Regardless of current relationships, families’ histories are rooted in their common past. It’s a powerful commonality emotionally, in a good way. Or at least it was for us, as six cousins–ages 50’s to late 80’s–gathered for lunch and photo-sharing.
A far-away living child, I hadn’t seen some cousins and 2nd cousins in years. Our parents/grandparents are gone now. They were the American story. Four of the five surviving children of immigrant parents are pictured above (the eldest, born in England, is missing). When we came across this labeled photo, the feelings generated were indescribable. The girl born in S. Africa; the boy to her right born in Canada as the family made its way to the United States. Dad (left) and his younger brother (front) born in the USA.
We sifted through the photos and albums we brought, looking back a century–amazed to see our current selves in some of the faces. Some of us had only seen our grandmother with gray hair. We looked hard at her photo, into a youthful face that I, for one, would not have recognized had our older cousins not confirmed who it was.
We shared stories passed down from our parents–basically the same stories although some of the specifics differed. We looked to our older cousins for facts, finding ourselves in a situation where our elders were the stars with the most to contribute, a situation where even the biggest “know-it-alls” (and I use this expression fondly) took a back seat as we eagerly gleaned new information from those in their 80’s.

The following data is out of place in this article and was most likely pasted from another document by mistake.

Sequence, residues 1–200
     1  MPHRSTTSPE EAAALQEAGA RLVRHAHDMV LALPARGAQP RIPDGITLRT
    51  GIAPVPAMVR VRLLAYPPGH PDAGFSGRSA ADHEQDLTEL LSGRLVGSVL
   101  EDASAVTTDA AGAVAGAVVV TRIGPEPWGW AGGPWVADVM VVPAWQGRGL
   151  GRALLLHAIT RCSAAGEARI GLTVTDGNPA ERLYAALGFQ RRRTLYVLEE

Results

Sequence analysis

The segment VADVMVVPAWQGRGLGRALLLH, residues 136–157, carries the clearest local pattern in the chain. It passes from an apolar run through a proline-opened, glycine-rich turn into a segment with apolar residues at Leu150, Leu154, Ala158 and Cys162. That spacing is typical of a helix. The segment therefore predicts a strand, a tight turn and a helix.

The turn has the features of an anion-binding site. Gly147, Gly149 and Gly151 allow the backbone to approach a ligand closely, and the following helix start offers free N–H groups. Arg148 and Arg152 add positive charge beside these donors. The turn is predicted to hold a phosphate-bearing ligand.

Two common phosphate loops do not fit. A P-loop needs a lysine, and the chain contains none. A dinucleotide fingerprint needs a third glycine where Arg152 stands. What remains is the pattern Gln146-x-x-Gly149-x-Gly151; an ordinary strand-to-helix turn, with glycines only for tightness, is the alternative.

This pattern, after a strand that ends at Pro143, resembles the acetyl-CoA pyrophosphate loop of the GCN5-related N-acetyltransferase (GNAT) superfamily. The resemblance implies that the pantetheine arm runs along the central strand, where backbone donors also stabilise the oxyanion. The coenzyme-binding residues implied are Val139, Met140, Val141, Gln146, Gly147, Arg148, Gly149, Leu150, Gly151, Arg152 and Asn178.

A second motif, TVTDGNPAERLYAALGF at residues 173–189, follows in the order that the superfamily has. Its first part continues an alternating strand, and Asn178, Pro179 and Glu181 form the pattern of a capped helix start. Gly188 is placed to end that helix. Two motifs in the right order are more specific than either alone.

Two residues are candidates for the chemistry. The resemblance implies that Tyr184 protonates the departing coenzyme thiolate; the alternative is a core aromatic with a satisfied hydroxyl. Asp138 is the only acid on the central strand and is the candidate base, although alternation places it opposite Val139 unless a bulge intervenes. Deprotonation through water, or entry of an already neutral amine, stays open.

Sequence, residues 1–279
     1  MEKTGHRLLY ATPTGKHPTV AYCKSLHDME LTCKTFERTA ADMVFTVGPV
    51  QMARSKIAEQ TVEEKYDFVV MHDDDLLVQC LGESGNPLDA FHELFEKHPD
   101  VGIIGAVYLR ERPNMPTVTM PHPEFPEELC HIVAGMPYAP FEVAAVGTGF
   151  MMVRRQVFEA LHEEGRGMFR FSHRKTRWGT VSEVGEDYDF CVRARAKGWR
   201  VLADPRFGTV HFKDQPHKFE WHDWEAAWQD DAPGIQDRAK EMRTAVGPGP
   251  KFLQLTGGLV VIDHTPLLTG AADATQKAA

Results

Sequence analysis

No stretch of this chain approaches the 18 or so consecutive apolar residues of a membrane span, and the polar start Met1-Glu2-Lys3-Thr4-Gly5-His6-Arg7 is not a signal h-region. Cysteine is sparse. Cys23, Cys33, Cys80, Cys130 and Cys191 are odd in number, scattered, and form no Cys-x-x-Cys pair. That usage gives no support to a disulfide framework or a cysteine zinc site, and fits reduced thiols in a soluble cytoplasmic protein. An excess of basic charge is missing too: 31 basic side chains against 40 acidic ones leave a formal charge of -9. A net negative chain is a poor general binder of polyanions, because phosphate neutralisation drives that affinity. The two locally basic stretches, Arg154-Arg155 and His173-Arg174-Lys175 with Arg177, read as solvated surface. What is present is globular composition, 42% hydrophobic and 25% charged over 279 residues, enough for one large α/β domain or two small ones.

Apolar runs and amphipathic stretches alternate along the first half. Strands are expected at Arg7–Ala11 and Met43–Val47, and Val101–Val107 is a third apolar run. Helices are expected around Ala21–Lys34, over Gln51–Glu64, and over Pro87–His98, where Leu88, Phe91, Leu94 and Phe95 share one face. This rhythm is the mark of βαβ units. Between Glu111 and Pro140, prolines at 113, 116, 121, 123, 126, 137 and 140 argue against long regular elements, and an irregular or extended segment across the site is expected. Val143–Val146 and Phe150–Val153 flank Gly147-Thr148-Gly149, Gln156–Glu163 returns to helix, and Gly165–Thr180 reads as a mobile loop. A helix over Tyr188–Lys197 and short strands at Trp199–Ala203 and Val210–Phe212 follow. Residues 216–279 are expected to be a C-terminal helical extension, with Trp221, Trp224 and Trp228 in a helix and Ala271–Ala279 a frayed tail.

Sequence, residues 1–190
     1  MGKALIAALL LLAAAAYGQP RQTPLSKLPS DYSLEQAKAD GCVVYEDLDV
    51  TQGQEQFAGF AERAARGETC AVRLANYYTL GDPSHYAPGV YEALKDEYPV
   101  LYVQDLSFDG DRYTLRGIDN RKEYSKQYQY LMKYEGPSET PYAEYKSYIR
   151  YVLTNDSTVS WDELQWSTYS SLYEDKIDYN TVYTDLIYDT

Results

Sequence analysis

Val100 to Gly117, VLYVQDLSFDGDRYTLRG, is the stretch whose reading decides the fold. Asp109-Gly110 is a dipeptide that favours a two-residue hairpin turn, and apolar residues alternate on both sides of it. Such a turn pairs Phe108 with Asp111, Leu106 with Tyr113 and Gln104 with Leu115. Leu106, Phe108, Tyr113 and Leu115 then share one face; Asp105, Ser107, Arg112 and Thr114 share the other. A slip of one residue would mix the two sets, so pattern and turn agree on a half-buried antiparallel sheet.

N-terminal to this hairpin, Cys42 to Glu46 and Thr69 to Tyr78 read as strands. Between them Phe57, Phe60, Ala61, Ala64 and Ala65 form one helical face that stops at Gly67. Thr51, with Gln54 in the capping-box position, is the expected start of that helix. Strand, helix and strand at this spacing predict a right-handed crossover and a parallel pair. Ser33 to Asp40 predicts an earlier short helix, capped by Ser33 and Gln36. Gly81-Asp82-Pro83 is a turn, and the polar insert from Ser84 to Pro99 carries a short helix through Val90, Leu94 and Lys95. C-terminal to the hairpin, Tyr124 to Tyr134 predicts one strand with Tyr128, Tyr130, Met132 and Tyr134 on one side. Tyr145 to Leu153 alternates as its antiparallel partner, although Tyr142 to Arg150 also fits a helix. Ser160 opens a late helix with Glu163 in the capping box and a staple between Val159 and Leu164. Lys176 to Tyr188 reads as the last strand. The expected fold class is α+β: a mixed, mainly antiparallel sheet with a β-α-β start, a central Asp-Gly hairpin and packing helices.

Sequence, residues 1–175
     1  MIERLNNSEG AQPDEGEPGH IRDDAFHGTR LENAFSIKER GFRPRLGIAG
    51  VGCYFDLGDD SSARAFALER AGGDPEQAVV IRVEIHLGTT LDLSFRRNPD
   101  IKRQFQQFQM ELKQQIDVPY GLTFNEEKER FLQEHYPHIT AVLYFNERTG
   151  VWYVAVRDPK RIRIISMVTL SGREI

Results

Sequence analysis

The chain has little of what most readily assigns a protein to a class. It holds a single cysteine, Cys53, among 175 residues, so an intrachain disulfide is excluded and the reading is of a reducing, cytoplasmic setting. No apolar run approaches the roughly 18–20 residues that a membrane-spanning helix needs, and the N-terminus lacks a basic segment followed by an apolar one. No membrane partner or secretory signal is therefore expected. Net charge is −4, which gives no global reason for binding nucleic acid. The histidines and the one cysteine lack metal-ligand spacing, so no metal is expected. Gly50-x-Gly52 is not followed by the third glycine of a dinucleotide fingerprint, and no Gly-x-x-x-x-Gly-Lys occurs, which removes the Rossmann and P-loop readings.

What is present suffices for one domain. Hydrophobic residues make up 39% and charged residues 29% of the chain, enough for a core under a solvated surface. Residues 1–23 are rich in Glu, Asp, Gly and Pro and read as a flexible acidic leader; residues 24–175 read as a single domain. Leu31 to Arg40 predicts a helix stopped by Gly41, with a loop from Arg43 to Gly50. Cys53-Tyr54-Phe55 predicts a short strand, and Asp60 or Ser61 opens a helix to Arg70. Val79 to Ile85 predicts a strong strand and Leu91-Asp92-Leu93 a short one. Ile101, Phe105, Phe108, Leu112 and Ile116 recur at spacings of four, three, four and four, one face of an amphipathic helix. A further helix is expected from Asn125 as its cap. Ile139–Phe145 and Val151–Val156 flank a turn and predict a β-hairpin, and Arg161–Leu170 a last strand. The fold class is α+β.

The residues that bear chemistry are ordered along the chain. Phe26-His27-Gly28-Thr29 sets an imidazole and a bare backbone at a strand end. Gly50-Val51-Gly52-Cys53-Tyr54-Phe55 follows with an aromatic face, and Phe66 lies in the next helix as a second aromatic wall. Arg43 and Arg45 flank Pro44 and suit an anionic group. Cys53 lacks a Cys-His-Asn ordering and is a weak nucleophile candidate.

One of our older cousin’s mothers was the eldest in the family and, bless her heart, was meticulous about details. Every photo in her album had identification written under it. We realize how important it is to do this for posterity.
iPhones took pictures of the old pictures. We will email them to those who use computers. Some borrowed photos to reproduce for others. Some simply gave photos away.
Our main problem was the fact that we didn’t have enough time together. Not everyone drove. One cousin was picked up early. Another took an extended lunch hour and needed to return to work. We all agreed we had the best time and wanted to do again. 2 1/2 to 3 hours isn’t long enough.
We also realize this is an easily-planned get-together, that’s really a gift for everyone. It’s doable anywhere there are flat surfaces. Think: care center, where photos can be spread out on the bed. This kind of gathering was, for us at least, like hitting a home run when we think about enriching lives….older and younger….and helping parents age well.